The Wikipedia Game
Description: It’s like Candyland, but instead of drawing cards, you get to the end by clicking hyperlinks.
I first learned about this game freshman year in geometry class. My teacher that year shared her room with another teacher, and they were super good friends. So one day we walked into class and found the two of them talking very intensely about Wikipedia. We were like, what is going on?? And then they told us about the Wikipedia Game.
(I feel like this game needs to sign up for some branding consultation. What would be a more snappy name? A to Z on Wiki. Shortest Queue of Blue’s Clues. Hyperlink Go! Ahaha, I like Hyperlink Go! best. Wait, it should be Hyperlink GO! That way the thrilling excitement really comes through.)
Oh, I still haven’t explained how you play yet.
1) Everybody is on their own device.
2) Everybody starts on the same Wikipedia page. For example: Rhubarb.
3) Decide on the page you’re trying to get to. For example: Battle of the Sexes (tennis). One way you can do this is with Wikipedia’s random page generator, but warning: it can make for some longer rounds.
4) Get from the start word to the final word by clicking on linked blue words and going to new pages.
For example: Rhubarb — Pierce County, Washington — U.S. State — United States — Sports in the United States — Tennis — Billie Jean King — Battle of the Sexes (tennis).
There’s two main iterations of Hyperlink GO! I like to call the first one Hyperlink GO FAST! and the other one Hyperlink GO! (but it’s actually the person with the least amount of clicks that wins so it’s okay if you don’t go fast, but don’t go super slow either because then your friends will probably get annoyed at you).
I like the second version more because I’m better at playing it that way. (If you prefer it this way too, you can support your argument with the flawless logic that the first one is advantageous to whoever has the fastest internet. Well, unless you’re playing un-virtually, I guess.)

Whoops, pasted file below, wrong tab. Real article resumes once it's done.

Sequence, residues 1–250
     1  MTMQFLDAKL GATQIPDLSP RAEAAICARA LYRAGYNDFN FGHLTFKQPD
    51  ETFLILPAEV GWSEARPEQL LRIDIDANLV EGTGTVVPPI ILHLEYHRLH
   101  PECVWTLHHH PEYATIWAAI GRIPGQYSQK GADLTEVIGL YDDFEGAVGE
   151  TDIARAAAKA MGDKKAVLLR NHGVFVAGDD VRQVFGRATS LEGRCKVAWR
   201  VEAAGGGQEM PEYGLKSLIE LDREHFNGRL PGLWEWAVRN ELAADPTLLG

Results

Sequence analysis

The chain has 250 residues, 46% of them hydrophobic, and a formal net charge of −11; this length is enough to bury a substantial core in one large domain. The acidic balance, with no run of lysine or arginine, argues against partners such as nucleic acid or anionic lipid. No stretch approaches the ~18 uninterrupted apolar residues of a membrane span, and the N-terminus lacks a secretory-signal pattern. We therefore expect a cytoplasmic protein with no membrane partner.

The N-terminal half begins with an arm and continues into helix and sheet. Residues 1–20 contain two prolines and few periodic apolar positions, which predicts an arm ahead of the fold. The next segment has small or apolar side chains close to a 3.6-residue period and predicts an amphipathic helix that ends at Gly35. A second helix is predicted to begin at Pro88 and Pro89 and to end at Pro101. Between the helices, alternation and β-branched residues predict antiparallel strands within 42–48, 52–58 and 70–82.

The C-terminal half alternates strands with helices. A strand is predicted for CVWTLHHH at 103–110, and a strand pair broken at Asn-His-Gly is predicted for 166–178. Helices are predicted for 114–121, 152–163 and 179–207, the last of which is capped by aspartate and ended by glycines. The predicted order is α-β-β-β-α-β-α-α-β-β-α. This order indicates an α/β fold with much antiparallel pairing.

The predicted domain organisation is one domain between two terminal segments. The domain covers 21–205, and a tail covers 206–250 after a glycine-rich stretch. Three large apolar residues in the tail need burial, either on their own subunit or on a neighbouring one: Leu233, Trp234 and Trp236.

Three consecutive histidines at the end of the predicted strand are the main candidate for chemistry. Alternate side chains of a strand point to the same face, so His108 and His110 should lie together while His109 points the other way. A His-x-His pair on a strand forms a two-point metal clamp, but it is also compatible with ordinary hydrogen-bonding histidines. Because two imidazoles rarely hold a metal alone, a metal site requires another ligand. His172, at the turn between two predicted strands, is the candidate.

You can also play either iterations with bonus features (Hyperlink GO! Now With Power-UPS!), aka ctrl F and the ability to go back to previous pages. These become kind of necessary when the ending page is something super obscure. For example, one round it was this specific, slightly significant airplane crash (Meopham Air Disaster), and for that we needed all the upgrades.
Guess the Song
Definition: It’s like Jeopardy!, but instead of choosing categories, you choose playlists, and instead of the question being an answer, the question is sound, and instead of the Jeopardy! music, it’s any music, and instead of the answer being a question, the answer is the song’s name and artist. I haven’t thought of a good way of doing a Double Jeopardy equivalent yet. (Actually, that’s not entirely accurate. I haven’t thought of one because I’ve never thought about it because why would someone describe a song guessing game as similar to Jeopardy!?)
You can definitely play this without Spotify, but the reason I started doing this was because of Spotify’s new-ish function called Group Session.
Brief Tech Interlude: I don’t think you can start Group Sessions on the computer version of Spotify yet, but here’s how to do it on the phone app. Tap the bottom bar thing where the song name & artist is moving back and forth. Tap the MP3(?) icon at the bottom left corner. And then there’s the green Start Session button! You can share with up to 5 friends right now. It’s still in testing mode right now, so it might be the slightest bit buggy (I think only the host can skip songs right now, so when the host is guessing, they might have to do some eye-closing while button-pressing maneuvers), but I think it’s pretty great overall.
How to Play:
1) The most obvious and most fair way to play this would be Jeopardy!-style where whoever says the answer fastest gets a point.
3) Except that Jonathan knew the songs on the playlist way more than I did, so I changed it up. (Not that it helped me that much. He still won by a longshot, but I maintain it’s because he got a million obvious songs in a row.) So instead of both of us playing at the same time, we each went for two minutes.
From here you can make all sorts of rules: limit of 3 skips, it counts as a correct answer if you can describe the song’s album cover, super obvious songs get automatically skipped.
This is the one actual game on this list, and I don’t really have anything to say about it.
To those who already know: Do you like being an Imposter or Crewmate better? I think I like being a Crewmate better — it’s fun running around and doing all your tasks.
To those who’ve never heard of this game: These colorful space-people have somehow crossed the tipping point and become so beloved that the other week my math class was playing together and made the teacher next door come in and ask us to not be so loud because her class was taking a test.
Have you played any of these games before?
What platform do you listen to music on?
What are your favorite games to play with friends? (Evelyn, I still need to try Roblox!)